Shipment of Chinese hair goods seized by U.S. officials suspecting forced labor
| July 2nd 2020
The U.S. government on Wednesday said it blocked an $800,000 shipment of hair extensions and accessories from China on suspicions that the products were made with forced labor.
The goods were held under a June order against a Xinjiang-based company suspected of using prison labor and forced labor with excessive overtime, withheld wages and restrictions on workers’ movements, the Customs and Border Protection (CBP) agency said.
The United States bans the import of goods made entirely or in part by forced labor, whether prison work or bonded or forced child labor.
The CBP order dated June 17 called for the detention of goods made by Xinjiang’s Lop County Meixin Hair Product Co.
The importers of the detained shipments must prove the merchandise was not produced with forced labor or export it elsewhere, the agency said.
“The use of forced labor is not just a serious human rights issue, but also brings about unfair competition in our global supply chains,” said Brenda Smith, executive assistant commissioner of the CBP’s Office of Trade, in a statement accompanying the June order.
The autonomous Xinjiang region in northwest China is home to a large population of Muslim Uighur people, an ethnic minority who speak a Turkic language and face repression from the Chinese government.
The United Nations has said it has credible reports that 1 million Muslims have been detained in camps in the region.
China denies the mistreatment of the Uighurs and says the camps are vocational training centers needed to fight extremism.
A spokesperson for the Chinese embassy in the United States said in an email that the suspicions of forced labor were an effort to bring down Chinese business.
“The lawful labor rights and interests of the Chinese citizens of all ethnic groups, including those in Xinjiang, are protected by law,” the spokesperson said.
“The accusation of ‘forced labor’ in Xinjiang is both false and malicious.”
The CBP has been criticized for not enforcing U.S. law against forced labor imports enough, and critics say the agency’s forced labor division is understaffed and underfunded.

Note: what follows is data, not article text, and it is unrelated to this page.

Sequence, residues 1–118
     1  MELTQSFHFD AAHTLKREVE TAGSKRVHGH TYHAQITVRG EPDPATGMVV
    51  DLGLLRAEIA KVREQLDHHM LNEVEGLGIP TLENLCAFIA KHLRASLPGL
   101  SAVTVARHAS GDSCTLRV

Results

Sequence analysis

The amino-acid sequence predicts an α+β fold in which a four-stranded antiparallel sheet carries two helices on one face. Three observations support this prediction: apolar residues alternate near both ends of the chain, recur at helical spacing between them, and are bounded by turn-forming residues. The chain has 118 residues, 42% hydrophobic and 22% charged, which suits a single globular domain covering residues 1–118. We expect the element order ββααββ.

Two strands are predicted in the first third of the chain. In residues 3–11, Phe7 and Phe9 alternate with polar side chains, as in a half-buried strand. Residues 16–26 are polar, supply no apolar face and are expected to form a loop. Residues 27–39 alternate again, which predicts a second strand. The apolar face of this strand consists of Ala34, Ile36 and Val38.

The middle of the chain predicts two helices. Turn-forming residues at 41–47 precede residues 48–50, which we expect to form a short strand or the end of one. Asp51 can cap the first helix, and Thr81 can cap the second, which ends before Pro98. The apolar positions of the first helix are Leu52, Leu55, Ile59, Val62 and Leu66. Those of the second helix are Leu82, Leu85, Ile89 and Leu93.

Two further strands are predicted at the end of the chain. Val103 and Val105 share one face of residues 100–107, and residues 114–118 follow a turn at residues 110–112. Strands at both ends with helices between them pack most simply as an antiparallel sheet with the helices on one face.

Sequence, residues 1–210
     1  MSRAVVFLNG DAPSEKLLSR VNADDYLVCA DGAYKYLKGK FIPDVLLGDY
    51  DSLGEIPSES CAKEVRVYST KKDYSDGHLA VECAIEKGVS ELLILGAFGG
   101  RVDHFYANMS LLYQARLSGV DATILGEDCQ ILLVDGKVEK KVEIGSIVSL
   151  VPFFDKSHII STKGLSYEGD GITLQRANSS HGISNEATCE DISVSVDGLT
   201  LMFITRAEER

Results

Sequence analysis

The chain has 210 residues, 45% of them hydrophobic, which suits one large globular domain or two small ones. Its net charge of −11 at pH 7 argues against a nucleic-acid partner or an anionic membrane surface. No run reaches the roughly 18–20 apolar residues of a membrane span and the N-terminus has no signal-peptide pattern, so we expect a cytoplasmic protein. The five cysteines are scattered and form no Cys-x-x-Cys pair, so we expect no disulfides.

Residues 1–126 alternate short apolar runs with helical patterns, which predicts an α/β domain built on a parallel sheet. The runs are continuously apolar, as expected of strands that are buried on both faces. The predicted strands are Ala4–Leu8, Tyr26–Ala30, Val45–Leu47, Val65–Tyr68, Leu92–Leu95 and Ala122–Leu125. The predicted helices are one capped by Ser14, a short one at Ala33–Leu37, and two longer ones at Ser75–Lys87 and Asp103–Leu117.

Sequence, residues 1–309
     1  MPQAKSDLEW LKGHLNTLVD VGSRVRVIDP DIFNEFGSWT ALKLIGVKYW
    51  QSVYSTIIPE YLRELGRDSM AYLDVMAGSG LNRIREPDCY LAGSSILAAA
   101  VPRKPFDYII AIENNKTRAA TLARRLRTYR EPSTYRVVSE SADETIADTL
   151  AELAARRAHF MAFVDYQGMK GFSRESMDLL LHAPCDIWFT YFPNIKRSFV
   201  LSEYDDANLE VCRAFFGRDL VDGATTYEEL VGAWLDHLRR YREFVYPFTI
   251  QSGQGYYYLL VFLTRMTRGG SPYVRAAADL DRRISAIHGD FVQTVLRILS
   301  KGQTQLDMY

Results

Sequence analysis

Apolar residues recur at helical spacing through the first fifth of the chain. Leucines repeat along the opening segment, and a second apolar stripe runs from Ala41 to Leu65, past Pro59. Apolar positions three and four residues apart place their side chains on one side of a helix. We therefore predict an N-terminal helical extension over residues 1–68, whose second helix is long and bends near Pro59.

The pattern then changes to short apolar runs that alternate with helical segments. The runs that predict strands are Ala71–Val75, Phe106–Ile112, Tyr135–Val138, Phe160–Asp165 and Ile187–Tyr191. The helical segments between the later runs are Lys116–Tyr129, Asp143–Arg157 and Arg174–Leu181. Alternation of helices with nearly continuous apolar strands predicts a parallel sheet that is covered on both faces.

A CBP spokesman told the Thomson Reuters Foundation that the agency has been working to develop and expand the division, and that the number of forced labor investigations was rising.
In October, the CBP said had blocked imports suspected to have been made with forced labor from five countries, including clothing from China and diamonds from Zimbabwe.
The number of forced labor prosecutions is low, so the CBP’s orders to halt imports are a powerful tool, said Martina Vandenberg, head of the Washington-based Human Trafficking Legal Center.
“Criminal justice remedies have failed,” she said. “Advocates are looking for more innovative and creative tools to combat forced labor in supply chains.”
There were just 939 labor trafficking prosecutions around the world in 2019, according to the U.S. State Department’s most recent Trafficking in Persons Report.
The CBP can issue a “withhold release order” when it believes goods were made by forced labor, and it has issued 16 of them since March 2016.
The CBP said the blocked imports from Xinjiang, which included long hair extensions, weighed 13 tons and were held at a port in Newark, New Jersey.
Lop County Meixin also could not be reached for comment.
Two weeks ago, President Donald Trump signed legislation calling for sanctions on China over its treatment of Uighurs.
The State Department separately on Wednesday issued an advisory to caution businesses about supply chain links to Xinjiang.
In Britain, lawyers and campaigners are trying to halt imports of cotton goods originating from Xinjiang.
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